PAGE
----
'Nuestra América': A history of the Jewish Diaspora in South America
Eminent anthropologist and historian Claudio Lomnitz traces his grandparents’ exile from Eastern Europe to South America
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Originally published in Spanish in 2018, Nuestra América: My Family in the Vertigo of Translation is an autobiographical account in which Mexican journalist and anthropoligist Claudio Lomnitz, professor of Anthropology at Columbia University traces his grandparents' exile from Eastern Europe to South America.
At the same time, the book is a pretext to explain and analyze the worldview, culture and spirit of countries such as Peru, Colombia and Chile, from the perspective of educated Jewish emigrants imbued with the hope and determination of those who escaped Europe in the 1920s.
Lomnitz's grandparents, Misha Adler and Naomi Milstein, who were trained to challenge ghetto life in the pioneering spirit of the early Zionist movement, became deeply involved in the leftist Peruvian intellectual milieu and its practice of connecting Peru's Indigenous past with an emancipatory internationalism that included Jewish culture and thought. After being imprisoned allegedly for their socialist leanings, they were exiled to Colombia, where they were subjected to its scandals, class system and political life.
Lomnitz, as The New York Times wrote, "writes a multigenerational story from the perspective of a descendant 'born in a sea of linguistic dispossession,'" one rooted in the deprivations of 20th century imperialism and the horrors of the Holocaust.
On the other hand, through the story of his grandparents, he manages to exemplify the cosmopolitan ideal of the survivors of anti-Semitism in exile. Intellectuals and entrepreneurs, Adler and Milstein ran businesses, founded newspapers, opened schools, and knotted a sense of community across a geography of displacement stretching from Eastern Europe to the West, to Peru, Colombia, and Venezuela — and eventually Chile, Mexico, and the U.S.
Based on his meticulous research, Lomnitz speculates that his great-grandfather, a successful businessman from Mannheim, Germany, was murdered in his office by young Nazis as early as 1922. In other, more optimistic parts of the book, he relates how his relatives became acquainted with personalities of the Latin American cultural world, such as the Peruvian Marxist journalist José Carlos Mariátegui and Chilean folk composer Violeta Parra.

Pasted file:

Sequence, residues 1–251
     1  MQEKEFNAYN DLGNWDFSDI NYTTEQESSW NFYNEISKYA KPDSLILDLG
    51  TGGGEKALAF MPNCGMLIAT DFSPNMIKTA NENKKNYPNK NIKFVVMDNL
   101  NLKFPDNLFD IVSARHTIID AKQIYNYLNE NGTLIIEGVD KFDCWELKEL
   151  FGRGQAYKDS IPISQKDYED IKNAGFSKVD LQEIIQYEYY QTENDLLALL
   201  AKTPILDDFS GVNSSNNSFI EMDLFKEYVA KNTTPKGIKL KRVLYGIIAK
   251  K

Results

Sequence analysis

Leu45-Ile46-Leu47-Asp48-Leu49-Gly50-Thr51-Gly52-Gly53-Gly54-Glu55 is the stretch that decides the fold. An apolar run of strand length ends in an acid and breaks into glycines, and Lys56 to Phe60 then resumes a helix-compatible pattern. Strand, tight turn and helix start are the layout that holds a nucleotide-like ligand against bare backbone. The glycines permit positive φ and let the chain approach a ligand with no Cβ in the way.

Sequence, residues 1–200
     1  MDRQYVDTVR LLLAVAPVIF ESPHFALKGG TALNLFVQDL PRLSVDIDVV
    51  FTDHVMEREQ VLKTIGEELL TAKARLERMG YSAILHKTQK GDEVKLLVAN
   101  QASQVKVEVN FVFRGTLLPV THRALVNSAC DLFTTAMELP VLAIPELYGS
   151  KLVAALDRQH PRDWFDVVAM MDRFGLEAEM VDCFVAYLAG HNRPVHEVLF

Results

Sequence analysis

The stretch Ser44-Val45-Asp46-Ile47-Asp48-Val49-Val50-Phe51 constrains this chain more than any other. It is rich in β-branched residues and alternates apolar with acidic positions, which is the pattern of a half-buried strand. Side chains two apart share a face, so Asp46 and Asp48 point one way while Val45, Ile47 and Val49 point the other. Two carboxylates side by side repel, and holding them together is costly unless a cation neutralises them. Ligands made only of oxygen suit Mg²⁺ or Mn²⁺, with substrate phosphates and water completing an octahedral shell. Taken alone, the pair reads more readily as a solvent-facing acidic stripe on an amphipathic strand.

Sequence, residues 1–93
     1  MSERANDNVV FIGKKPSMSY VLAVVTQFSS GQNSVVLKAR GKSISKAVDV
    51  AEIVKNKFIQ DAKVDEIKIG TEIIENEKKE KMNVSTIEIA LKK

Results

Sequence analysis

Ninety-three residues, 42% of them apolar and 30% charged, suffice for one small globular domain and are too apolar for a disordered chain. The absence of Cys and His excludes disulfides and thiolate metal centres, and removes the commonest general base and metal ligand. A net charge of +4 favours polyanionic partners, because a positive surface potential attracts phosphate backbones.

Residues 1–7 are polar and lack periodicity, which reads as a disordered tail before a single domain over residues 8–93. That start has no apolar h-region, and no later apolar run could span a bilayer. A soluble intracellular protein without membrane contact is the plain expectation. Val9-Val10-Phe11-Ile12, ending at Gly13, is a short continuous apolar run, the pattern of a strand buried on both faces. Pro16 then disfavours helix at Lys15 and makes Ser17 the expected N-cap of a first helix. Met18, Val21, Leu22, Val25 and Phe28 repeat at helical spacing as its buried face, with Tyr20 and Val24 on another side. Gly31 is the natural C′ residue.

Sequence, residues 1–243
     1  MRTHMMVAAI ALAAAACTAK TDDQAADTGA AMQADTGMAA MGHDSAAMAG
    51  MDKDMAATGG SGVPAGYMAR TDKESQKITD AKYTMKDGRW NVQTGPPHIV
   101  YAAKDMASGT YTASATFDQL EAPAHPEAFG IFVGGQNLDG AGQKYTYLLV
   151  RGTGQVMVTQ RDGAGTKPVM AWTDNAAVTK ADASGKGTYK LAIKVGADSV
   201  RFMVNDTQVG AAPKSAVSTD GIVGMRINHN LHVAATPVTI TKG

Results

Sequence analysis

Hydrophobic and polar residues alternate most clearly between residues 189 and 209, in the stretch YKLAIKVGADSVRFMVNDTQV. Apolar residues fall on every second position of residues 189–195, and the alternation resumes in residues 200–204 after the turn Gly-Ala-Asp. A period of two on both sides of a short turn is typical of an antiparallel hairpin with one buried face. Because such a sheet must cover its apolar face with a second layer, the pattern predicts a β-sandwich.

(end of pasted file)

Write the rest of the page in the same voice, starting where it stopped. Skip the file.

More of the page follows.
"Why did you write a memoir about your family at this time?" he was asked by Columbia News at the book's launch in June 2021.
"I almost never know why I write, and that's a good reason to do it. Writing is like finding my way through the fog, so it's exciting, but also sometimes difficult. To extend the metaphor, writing about one's own family involves a willingness to work in and through a particularly impenetrable fog. I guess I've felt the need to grope around there for a while," Lomnitz concluded.
Born in Santiago, Chile in 1957, Lomnitz grew up primarily in Mexico City. He studied Anthropology (he holds a PhD in Anthropology from Stanford University), but has also taught in History, Sociology and Humanities departments. He is the author of several books on culture and politics, all set in Mexico. Among the most notable are Death and the Idea of Mexico (published by Zone Books in 2005), and The Return of Comrade Ricardo Flores Magón (published by Zone Books in 2014).
In addition to his academic work, he writes regularly for the press. He has a bimonthly column in La Jornada newspaper, in Mexico City, and a monthly column in Nexos. In recent years, he has also devoted himself to playwriting in collaboration with Alberto Lomnitz, his brother.